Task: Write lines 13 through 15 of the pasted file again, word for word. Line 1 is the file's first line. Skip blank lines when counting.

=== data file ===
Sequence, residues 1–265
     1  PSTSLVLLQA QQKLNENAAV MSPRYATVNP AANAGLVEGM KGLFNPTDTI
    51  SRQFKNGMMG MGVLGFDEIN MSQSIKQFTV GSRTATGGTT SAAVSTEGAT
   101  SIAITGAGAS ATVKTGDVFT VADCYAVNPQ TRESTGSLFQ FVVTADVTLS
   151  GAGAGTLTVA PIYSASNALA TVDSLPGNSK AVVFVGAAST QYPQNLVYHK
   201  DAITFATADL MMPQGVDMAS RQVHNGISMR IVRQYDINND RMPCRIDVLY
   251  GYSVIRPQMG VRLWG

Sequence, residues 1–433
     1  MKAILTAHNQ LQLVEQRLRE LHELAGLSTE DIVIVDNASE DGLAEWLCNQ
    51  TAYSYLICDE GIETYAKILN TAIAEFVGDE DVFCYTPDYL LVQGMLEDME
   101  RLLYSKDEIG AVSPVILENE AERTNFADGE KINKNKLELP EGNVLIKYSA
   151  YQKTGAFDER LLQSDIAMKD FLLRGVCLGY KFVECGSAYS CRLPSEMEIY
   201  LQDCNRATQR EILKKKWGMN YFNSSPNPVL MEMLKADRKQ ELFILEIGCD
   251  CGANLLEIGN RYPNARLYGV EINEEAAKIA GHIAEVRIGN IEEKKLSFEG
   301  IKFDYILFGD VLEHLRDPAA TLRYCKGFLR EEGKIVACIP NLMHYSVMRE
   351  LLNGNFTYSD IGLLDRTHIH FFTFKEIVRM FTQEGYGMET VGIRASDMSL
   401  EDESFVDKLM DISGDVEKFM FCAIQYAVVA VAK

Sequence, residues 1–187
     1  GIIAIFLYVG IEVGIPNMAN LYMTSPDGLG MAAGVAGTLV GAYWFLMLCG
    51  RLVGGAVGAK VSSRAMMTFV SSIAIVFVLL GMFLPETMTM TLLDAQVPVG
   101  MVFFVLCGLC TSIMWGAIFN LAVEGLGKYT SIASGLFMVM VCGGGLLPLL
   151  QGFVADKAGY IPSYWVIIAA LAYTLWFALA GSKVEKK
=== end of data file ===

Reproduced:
   201  LQDCNRATQR EILKKKWGMN YFNSSPNPVL MEMLKADRKQ ELFILEIGCD
   251  CGANLLEIGN RYPNARLYGV EINEEAAKIA GHIAEVRIGN IEEKKLSFEG
   301  IKFDYILFGD VLEHLRDPAA TLRYCKGFLR EEGKIVACIP NLMHYSVMRE